I am not a particularly fast reader, and Coraline is quite short, but I still have to say that I read it in one day. Coraline is a girl who, while poking around in her parents' new flat, travels through a door to a flat just like their own. But this mirror-world is full of strange, alternate versions of places and people she knows. Everything is better and everyone is happy, and Coraline can even be a part of it, if only she allows black buttons to be sewn over her eyes. . .forever.
Neil Gaiman is, of course, a master of the wicked and strange. The juxtaposition of simplistic, fairy-tale writing and unsettling themes works to make a truly unique, dark piece. Gaiman's immense imagination is matched by his exquisite prose, where word selection seems precise and nothing seems wasted.
Coraline is short enough to enjoy in one sitting, but it'll be the entertainment value that’ll keep you reading until the last page is reached. You'd be doing yourself a disservice to not experience the strange, weird world of Coraline.
Everything was going wrong for Coraline Jones: Bad weather, grumpy parents, and a strange house called “The Pink Palace” with neighbors who always messed up her name. But one rainy day as she explored her new home, she came across a door almost too small for anyone. Inside, young Coraline found a world that seemed tailor made for her, along with a woman called "The Other Mother." Everything there seemed too perfect… until Coraline is asked to sew buttons into her eyes. That is when the dream quickly turned into a nightmare. Neil Gaiman's Coraline is a rare treat that caters to both kids and adults, playing on our own fear of change and the dangers of getting everything we could ever want. In Gaiman's iconic storytelling writing, Coraline isn't too graphic for young readers, yet subtle enough to send chills down the spines of most adults.— From Nick's Staff Picks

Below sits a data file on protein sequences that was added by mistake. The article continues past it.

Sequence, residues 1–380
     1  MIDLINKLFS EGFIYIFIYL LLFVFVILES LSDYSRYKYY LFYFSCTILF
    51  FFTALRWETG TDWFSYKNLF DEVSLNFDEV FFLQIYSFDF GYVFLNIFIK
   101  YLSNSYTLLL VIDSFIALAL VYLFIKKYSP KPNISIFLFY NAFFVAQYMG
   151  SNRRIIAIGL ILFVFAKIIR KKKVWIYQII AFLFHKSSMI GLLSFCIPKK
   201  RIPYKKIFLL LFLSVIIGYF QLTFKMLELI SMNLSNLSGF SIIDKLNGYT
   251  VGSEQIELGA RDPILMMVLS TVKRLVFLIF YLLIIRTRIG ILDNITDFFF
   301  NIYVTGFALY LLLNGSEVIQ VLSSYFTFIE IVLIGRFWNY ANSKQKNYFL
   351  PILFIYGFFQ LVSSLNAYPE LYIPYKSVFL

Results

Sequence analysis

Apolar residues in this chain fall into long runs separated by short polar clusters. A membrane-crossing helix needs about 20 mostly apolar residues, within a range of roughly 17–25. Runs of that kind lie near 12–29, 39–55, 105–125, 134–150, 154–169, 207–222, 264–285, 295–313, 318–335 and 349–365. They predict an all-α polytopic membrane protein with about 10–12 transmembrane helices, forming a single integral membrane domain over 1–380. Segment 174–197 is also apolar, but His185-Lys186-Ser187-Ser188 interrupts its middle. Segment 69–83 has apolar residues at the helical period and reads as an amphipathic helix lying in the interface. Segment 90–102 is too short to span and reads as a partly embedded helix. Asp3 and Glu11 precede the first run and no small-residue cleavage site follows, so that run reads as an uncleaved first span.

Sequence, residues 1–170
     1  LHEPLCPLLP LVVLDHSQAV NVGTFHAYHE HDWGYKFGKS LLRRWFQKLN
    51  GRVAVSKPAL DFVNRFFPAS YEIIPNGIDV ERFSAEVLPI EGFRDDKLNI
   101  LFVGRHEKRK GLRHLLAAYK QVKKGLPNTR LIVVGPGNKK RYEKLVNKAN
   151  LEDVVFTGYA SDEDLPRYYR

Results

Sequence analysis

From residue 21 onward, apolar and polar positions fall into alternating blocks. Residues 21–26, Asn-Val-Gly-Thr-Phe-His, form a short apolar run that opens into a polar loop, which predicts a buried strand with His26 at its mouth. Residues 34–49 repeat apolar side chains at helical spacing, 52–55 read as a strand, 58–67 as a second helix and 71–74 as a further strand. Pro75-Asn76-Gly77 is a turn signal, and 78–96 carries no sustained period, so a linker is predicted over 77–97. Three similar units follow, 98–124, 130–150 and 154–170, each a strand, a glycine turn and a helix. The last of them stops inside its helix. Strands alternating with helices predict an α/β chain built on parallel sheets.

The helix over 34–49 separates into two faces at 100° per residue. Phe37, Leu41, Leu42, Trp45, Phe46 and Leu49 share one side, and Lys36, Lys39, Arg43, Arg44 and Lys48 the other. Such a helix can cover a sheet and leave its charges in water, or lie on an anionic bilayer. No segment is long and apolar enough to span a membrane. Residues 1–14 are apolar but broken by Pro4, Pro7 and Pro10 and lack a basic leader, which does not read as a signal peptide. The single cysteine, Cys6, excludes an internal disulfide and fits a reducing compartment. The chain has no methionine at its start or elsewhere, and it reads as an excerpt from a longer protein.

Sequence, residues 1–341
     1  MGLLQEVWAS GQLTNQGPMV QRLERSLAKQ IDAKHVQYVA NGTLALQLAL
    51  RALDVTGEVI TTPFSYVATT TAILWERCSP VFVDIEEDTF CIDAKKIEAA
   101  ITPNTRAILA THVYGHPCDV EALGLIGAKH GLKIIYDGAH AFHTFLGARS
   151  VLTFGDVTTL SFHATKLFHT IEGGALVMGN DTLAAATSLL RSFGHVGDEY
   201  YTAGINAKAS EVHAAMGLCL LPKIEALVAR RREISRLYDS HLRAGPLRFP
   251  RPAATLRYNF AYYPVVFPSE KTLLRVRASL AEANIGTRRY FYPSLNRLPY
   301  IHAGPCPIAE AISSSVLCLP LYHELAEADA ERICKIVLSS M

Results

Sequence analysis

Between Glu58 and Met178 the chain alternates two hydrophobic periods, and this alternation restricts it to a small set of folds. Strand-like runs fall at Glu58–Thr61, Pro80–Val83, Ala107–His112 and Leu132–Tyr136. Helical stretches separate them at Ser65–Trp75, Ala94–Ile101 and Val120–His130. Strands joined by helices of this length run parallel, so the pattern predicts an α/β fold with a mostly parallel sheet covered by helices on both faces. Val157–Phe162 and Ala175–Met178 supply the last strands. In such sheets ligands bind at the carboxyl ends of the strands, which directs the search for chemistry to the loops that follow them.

This edition of New York Times bestselling and Newbery Medal-winning author Neil Gaiman’s modern classic, Coraline—also an Academy Award-nominated film—is enriched with a foreword from the author, a reader's guide, and more.
"Coraline discovered the door a little while after they moved into the house...."
When Coraline steps through a door to find another house strangely similar to her own (only better), things seem marvelous.
But there's another mother there, and another father, and they want her to stay and be their little girl. They want to change her and never let her go.
Coraline will have to fight with all her wit and courage if she is to save herself and return to her ordinary life.
Neil Gaiman's Coraline is a can't-miss classic that enthralls readers age 8 to 12 but also adults who enjoy a perfect smart spooky read.
Neil Gaiman is a #1 New York Times bestselling author of books for children and adults whose award-winning titles include Norse Mythology, American Gods, The Graveyard Book, Good Omens (with Terry Pratchett), Coraline, and The Sandman graphic novels. Neil Gaiman is a Goodwill Ambassador for UNHCR and Professor in the Arts at Bard College.
Dave McKean is best known for his work on Neil Gaiman's Sandman series of graphic novels and for his CD covers for musicians from Tori Amos to Alice Cooper. He also illustrated Neil Gaiman's picture books The Day I Swapped My Dad for Two Goldfish, The Wolves in the Walls, and Crazy Hair. He is a cult figure in the comic book world, and is also a photographer.